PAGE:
“If you can’t dazzle them with brilliance, baffle them with bull.” That advice, from the late, great comic W. C. Fields, is being zealously applied by Jordan Cove’s Boosters. Most recently Keith Comstock argued that all of Japan’s 30 LNG terminals survived the huge 2011 earthquake-tsunami undamaged, so why should Coos Bay worry? Dick Leshley and Bob Braddock have said that too.
But no matter who said it, it was bull.
When the Big One hit Japan in 2011, that country did have about 30 LNG import terminals, which are potentially dangerous to the public, though not as dangerous as an export terminal like Jordan Cove’s. But only one of those 30 Japanese terminals was at risk. That was the Shin-Minato terminal in Sendai, directly opposite the offshore earthquake’s epicenter. (The melted-down Fukushima nuclear plant was in that same area.) The tsunami destroyed Sendai harbor, tossed ships onto shore as if they were driftwood, and destroyed the Shin-Minato terminal except for its LNG storage tanks. It took until the end of that year to finish the repairs.
What saved the other Japanese LNG terminals from harm? Better locations. Severe as it was, the 2011 quake-tsunami only devastated one third of Japan’s east coast, with very destructive shaking followed by tsunami waves of 25 to 30 feet, and some even higher. But while Tokyo Bay, at the southern end of the affected area, experienced considerable earthquake damage too, it saw tsunamis of only 5.3 feet, so its 5 LNG terminals were not damaged. Tokyo Bay seems to be well-protected by a headland, as are other Japanese harbors and LNG terminals. Many are on Japan’s inland sea, where tsunami waves only reached one or two feet.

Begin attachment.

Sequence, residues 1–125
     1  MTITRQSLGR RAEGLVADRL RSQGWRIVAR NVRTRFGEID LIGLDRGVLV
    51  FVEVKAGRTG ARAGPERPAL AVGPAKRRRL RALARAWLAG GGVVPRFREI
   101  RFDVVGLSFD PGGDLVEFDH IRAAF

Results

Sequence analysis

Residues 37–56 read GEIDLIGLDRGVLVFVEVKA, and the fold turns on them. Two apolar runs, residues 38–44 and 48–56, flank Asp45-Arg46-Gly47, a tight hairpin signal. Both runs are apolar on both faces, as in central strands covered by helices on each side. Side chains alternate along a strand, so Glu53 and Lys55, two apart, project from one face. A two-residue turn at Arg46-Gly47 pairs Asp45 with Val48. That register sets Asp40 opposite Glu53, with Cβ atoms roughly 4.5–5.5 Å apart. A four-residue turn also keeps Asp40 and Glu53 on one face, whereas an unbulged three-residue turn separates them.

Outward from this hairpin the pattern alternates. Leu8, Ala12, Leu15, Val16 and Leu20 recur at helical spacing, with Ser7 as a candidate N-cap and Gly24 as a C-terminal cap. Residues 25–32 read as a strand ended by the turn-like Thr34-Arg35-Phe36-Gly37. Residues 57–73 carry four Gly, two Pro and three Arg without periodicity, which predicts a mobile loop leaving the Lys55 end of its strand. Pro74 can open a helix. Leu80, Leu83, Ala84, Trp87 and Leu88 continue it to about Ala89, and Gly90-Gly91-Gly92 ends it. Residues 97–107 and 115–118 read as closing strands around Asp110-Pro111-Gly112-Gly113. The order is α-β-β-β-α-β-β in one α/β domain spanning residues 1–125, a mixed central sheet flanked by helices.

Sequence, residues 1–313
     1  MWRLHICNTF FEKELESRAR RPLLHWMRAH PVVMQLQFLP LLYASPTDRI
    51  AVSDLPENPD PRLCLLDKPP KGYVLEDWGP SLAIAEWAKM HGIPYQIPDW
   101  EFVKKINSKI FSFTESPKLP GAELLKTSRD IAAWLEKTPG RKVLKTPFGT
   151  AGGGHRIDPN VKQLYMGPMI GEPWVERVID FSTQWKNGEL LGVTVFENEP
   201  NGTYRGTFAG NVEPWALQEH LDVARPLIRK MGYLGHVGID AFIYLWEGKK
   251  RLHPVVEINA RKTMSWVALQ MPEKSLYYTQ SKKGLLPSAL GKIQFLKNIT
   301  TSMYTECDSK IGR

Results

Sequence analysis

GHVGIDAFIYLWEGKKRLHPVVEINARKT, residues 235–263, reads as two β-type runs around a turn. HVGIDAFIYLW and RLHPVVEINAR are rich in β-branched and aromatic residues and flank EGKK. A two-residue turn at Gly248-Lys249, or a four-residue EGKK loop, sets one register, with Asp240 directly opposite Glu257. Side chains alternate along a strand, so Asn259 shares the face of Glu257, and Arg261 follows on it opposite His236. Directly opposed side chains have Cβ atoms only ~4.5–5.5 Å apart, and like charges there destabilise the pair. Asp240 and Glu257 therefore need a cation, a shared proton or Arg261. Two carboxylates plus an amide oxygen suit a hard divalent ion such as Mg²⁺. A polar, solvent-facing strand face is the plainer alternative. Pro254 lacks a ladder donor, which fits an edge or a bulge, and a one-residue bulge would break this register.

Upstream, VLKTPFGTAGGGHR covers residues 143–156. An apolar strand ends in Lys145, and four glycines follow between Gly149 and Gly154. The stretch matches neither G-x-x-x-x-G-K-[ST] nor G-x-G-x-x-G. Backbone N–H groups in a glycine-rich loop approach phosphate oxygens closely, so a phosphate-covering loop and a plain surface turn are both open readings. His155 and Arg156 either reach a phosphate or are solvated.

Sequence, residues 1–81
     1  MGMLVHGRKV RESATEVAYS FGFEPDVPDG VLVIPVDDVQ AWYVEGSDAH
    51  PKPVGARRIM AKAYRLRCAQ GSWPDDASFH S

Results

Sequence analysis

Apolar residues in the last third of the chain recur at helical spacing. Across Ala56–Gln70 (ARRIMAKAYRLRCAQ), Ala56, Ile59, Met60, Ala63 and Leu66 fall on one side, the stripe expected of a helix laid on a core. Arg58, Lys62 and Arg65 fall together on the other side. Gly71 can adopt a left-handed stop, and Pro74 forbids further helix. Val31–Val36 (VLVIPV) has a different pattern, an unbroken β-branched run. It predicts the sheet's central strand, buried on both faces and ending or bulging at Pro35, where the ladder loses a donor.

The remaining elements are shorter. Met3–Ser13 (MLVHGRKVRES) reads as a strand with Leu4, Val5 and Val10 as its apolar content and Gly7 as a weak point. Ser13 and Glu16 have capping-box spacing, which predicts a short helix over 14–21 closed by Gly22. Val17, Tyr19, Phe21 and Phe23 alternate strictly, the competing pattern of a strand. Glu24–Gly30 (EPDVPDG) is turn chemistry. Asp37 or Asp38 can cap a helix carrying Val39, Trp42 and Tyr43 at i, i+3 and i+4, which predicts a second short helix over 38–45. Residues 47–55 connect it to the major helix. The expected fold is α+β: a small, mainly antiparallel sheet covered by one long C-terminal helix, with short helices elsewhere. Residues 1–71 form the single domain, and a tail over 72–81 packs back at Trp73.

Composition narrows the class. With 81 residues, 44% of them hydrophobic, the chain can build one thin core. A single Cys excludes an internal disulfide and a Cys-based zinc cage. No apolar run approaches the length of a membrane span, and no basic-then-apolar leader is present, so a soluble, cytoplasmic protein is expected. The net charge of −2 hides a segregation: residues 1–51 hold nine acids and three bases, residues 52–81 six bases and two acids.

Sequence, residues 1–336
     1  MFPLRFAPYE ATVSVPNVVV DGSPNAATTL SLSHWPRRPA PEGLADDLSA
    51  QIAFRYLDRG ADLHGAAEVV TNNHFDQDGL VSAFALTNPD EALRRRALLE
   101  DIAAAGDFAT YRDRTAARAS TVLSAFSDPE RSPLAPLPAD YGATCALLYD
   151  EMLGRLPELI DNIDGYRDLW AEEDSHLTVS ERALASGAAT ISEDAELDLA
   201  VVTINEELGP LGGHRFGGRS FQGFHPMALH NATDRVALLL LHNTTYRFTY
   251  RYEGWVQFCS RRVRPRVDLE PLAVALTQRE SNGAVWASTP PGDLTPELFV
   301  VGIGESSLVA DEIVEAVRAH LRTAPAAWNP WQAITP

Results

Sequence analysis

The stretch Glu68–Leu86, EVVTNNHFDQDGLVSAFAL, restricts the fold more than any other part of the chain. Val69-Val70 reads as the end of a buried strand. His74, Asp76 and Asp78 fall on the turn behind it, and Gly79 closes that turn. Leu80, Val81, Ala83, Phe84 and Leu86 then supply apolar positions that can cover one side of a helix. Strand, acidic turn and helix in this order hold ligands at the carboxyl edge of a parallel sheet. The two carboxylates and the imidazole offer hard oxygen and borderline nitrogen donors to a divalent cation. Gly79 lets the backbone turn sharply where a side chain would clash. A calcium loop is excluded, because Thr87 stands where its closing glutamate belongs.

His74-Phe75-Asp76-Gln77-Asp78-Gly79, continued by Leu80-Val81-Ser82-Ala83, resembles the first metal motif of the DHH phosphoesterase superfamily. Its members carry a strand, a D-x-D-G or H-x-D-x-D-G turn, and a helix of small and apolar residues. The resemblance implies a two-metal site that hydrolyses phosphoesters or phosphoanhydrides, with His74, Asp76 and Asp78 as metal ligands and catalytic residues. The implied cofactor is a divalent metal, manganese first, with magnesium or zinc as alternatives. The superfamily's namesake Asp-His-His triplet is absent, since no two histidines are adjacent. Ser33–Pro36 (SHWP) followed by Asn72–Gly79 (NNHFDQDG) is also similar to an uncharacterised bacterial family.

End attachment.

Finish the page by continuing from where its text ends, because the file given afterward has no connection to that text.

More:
Comstock also argues that Newport already has an LNG terminal, so why should Coos Bay worry? Newport’s terminal, known as a "peak-shaving terminal" has a much smaller tank, and no shipping. It stores gas as LNG until times of peak demand, when the LNG is warmed to provide gas to Northwest Natural gas’s local customers. The U.S. has about 100 peak-shaving terminals. Unfortunately the first one ever built exploded in 1944, destroying a square mile of the city of Cleveland, and killing and injuring hundreds. And in 2014, in Plymouth, Washington, one very similar to Newport’s terminal exploded, injuring several and causing the evacuation of the surrounding area, which fortunately was very lightly populated.
Wim de Vriend